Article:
Daniel Markovits's Contract and Collaboration is a thought-provoking and ground-breaking inquiry into the ethics of contract. It argues that the philosophical foundation of contract may be found in what Markovits calls the collaborative view: a principle of forming respectful communities of collaboration where contractors treat each other as ends in themselves and refrain from treating each other as mere instrumentalities. Markovits acknowledges that there are three prototypical forms of contracts: (1) person-to-person; (2) person-to-organization; and (3) organization-to-organization. He is refreshingly honest in arguing that his theory of contract only addresses Type (1) contracts. I wish to argue here that this feature of Markovits's account severely curtails the possibility of treating the collaborative view as a general theory of contract as such. Part I of this Essay summarizes the portion of Markovits's collaborative view upon which I shall focus. Part II argues, pace Markovits, that Type (2) and Type (3) contracts are part of the “conceptual core” of contract for which a general theory of contract must account. And Part III offers some concluding thoughts about conciliation in contract theory.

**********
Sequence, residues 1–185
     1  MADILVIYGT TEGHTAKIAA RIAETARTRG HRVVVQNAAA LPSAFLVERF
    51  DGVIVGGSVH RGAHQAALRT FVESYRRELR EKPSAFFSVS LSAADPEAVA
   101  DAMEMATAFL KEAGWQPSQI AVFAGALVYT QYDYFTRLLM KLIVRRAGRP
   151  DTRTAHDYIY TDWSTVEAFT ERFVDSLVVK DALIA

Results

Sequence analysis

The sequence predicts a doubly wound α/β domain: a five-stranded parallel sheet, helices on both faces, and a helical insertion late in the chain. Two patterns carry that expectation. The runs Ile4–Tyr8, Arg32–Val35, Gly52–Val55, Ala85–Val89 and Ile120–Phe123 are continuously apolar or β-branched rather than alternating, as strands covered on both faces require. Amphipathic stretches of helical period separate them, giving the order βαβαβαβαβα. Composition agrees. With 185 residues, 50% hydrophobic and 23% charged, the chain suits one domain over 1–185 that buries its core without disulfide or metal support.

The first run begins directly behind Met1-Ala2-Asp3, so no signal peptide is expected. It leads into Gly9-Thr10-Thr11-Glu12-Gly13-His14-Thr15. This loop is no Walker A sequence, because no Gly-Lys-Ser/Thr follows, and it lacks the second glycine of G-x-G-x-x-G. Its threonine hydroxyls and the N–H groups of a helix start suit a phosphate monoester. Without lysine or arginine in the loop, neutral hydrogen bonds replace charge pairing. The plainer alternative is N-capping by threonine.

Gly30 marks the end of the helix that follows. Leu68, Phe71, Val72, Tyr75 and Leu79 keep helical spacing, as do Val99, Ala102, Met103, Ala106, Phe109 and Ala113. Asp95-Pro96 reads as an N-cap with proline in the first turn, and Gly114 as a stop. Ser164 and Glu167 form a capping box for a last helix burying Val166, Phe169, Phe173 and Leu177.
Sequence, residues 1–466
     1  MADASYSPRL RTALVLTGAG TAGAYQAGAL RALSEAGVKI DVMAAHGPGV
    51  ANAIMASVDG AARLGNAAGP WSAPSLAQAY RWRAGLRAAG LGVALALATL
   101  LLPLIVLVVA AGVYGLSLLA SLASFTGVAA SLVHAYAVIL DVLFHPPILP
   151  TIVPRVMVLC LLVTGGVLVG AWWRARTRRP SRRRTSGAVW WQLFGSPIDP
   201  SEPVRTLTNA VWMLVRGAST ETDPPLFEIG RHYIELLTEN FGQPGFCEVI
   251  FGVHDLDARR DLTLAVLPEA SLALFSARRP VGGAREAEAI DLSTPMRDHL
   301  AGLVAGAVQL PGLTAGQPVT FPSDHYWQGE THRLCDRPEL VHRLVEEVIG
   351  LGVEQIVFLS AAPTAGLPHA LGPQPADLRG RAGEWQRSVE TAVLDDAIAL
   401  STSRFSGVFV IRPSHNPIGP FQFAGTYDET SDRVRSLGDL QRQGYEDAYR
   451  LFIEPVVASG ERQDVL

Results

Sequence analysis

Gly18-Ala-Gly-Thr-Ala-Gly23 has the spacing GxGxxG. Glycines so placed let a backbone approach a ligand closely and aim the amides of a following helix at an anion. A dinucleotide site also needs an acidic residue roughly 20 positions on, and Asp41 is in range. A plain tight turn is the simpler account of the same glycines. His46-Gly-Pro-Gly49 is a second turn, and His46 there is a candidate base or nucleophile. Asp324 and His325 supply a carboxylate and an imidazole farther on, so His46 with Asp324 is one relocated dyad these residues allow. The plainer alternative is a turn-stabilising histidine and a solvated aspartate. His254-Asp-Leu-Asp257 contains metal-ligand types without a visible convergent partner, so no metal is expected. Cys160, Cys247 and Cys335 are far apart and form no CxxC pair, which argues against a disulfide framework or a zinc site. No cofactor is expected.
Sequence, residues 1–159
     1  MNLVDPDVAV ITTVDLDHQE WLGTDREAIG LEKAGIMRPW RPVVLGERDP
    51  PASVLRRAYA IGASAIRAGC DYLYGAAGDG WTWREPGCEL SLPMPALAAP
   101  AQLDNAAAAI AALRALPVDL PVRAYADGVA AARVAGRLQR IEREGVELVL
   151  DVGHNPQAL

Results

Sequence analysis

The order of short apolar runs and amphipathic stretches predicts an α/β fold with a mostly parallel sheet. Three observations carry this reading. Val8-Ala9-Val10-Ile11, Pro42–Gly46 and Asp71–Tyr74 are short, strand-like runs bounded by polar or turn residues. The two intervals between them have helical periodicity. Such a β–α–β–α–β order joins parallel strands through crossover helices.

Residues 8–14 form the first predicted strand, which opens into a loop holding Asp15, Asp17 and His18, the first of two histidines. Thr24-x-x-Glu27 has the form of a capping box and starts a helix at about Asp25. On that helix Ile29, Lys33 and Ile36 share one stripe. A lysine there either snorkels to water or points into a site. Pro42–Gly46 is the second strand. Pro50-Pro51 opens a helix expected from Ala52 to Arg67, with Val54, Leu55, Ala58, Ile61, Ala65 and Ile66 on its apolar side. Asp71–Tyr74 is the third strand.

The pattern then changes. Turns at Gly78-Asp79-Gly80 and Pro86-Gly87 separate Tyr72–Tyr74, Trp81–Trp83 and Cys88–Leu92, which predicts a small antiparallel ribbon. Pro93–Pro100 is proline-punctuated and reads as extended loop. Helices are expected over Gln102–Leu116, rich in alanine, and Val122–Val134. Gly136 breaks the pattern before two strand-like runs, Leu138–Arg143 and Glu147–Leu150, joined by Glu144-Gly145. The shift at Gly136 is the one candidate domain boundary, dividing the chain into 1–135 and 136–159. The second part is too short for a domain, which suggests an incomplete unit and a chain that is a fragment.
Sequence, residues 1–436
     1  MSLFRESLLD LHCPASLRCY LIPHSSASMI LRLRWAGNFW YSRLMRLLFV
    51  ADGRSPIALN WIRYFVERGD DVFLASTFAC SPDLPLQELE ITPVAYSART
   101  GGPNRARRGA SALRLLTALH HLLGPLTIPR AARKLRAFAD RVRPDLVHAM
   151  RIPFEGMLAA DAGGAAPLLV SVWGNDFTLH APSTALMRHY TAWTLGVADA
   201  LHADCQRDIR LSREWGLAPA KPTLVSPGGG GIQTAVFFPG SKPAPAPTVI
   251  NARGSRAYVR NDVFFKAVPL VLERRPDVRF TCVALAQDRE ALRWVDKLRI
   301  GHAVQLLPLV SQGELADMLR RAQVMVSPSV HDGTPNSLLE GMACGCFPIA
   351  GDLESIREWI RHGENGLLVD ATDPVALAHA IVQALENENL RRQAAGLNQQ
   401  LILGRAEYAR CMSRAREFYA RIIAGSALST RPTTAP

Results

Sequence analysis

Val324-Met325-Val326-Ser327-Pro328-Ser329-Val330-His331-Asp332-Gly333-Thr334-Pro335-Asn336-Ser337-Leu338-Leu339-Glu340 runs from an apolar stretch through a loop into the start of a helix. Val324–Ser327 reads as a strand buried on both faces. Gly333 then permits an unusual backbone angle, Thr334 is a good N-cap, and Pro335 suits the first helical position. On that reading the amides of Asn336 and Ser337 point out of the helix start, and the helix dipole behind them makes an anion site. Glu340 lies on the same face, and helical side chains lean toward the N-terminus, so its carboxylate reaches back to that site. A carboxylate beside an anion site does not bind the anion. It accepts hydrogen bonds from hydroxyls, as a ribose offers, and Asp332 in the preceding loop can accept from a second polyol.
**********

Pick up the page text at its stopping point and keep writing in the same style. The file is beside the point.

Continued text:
Ethan J. Leib,
On Collaboration, Organizations, and Conciliation in the General Theory of Contract, 24 QLR 1
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